Persepolis, by Marjane Satrapi, is in my opinion one of the most important young adult literature novels of our time. Though it is a graphic novel, it tells a story with such power and importance, and in such a beautiful way, I think many High School students would benefit in countless ways from reading this book, negating whatever they might lose from its simplicity of language.
The novel follows a young girl in her experiences with the Iranian revolution. One of my favorite aspects about this graphic novel is how much context it gives its readers. One does not necessarily need to be well-versed in the events of the Iranian revolution to be able to sympathize with the trials the main character must endure and with the entirety of those effected. In this way, I think this book would be extremely beneficial to high school students who, though it would be ideal that they do, usually do not have a strong background in such events, making this novel a much easier read than one that would assume an audience with more knowledge on the subject.
Because of how well the book gives contexts for its events provides yet another reason why this book is so important: it’s a great way to learn about the Iranian revolution. This graphic novel is a fast-paced, relatable, hilarious, and horrifying first-hand account of the peoples’ experience at the time. This is a great way to make students care about something that maybe isn’t taught in schools, and therefore open up to possibility that there is more to learn than high school can teach you. This not only prepares students for college but gives them the chance to want to be more active learners in general.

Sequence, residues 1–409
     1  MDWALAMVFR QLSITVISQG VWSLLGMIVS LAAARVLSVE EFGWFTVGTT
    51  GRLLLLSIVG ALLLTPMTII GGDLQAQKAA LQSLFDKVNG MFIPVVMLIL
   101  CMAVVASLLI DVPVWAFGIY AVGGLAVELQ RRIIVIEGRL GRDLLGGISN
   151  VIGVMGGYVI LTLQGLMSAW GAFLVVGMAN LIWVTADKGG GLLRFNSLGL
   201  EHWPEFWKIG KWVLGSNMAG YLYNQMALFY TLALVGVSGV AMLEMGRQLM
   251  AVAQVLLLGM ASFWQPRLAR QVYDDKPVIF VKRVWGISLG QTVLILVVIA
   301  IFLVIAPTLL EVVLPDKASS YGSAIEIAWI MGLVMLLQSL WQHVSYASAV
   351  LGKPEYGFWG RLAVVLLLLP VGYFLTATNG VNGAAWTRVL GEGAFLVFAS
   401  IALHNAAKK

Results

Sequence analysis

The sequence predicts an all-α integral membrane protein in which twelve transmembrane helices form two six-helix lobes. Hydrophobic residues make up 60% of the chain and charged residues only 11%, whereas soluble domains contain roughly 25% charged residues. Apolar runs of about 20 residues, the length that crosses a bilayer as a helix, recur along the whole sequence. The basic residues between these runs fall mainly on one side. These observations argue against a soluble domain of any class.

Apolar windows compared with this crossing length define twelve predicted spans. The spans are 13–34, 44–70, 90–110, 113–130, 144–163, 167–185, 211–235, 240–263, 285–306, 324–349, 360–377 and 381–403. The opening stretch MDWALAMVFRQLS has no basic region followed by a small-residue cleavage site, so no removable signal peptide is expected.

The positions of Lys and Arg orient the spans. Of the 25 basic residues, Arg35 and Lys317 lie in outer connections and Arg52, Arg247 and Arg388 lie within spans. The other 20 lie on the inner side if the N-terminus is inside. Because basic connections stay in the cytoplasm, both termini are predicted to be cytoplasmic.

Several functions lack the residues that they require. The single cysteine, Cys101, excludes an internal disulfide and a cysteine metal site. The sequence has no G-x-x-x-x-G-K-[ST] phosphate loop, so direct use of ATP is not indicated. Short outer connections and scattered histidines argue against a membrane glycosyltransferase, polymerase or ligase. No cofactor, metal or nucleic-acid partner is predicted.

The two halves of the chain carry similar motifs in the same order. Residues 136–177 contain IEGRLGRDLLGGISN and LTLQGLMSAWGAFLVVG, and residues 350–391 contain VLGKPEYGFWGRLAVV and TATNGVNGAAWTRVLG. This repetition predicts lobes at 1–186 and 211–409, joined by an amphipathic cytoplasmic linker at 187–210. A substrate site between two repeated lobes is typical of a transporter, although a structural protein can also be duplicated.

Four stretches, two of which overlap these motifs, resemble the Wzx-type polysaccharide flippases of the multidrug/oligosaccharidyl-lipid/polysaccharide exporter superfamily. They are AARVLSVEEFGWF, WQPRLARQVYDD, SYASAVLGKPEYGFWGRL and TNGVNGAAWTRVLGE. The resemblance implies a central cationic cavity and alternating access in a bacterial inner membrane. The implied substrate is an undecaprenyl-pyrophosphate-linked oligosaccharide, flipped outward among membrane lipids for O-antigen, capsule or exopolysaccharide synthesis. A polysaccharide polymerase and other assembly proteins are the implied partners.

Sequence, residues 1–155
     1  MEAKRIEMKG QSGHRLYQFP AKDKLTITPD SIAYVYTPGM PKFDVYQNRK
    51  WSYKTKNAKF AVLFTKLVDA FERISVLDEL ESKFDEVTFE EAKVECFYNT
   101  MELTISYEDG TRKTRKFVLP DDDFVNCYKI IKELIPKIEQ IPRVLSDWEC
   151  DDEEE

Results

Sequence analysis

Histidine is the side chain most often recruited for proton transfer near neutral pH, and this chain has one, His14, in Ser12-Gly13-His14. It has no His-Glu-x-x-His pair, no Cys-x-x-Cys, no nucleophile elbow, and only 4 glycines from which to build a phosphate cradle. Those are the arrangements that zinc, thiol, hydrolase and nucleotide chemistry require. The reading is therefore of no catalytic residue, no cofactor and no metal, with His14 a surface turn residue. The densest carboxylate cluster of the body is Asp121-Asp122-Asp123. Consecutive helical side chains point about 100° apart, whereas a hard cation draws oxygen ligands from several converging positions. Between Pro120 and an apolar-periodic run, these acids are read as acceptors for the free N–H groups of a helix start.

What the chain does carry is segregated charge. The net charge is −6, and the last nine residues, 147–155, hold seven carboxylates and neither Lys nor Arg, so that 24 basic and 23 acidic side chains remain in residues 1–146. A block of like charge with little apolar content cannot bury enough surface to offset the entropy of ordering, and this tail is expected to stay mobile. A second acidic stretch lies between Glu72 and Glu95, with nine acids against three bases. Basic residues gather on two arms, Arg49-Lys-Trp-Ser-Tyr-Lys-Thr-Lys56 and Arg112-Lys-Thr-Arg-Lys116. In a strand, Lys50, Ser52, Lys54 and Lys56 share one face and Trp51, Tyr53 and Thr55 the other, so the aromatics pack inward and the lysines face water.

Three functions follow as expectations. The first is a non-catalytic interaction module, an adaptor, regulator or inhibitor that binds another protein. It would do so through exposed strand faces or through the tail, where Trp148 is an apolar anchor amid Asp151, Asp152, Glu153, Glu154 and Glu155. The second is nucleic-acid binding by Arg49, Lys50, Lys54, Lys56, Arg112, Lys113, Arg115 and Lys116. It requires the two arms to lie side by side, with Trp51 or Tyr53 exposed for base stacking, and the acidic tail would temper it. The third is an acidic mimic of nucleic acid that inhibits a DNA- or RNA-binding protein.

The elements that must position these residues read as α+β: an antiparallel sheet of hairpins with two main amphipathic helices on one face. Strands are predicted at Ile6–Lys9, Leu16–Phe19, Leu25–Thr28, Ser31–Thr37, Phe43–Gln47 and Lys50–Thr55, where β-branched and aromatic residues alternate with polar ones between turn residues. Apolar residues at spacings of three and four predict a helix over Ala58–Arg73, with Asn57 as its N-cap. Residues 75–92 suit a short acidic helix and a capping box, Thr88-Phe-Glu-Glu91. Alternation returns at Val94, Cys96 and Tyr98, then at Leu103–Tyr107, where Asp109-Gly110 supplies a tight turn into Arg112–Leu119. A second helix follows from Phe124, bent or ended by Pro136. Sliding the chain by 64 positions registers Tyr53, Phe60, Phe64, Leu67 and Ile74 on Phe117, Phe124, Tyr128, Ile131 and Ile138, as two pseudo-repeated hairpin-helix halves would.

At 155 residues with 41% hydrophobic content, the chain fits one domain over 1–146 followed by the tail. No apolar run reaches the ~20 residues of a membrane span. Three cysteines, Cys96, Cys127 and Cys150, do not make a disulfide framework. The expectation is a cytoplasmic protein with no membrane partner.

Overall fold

One final aspect of Persepolis that I surprisingly enjoyed was the fact that it was a graphic novel. Though at first I was apprehensive to consider reading a graphic novel, I am so glad I did, and I don’t think this story would be the same if it were told any other way. The illustrations keep the novel extremely fast-paced, a characteristic I think the author would very much agree is one that reflects the events in the novel perfectly. It also keeps the reader active and engaged in a topic they may very easily know little about, something that is no easy task.
Overall, I would definitely recommend Persepolis. The story of a girl trying to find meaning in her religion, values, government, and identity all at once is one that I think a surprising number of high school students will be able to relate to, despite cultural differences.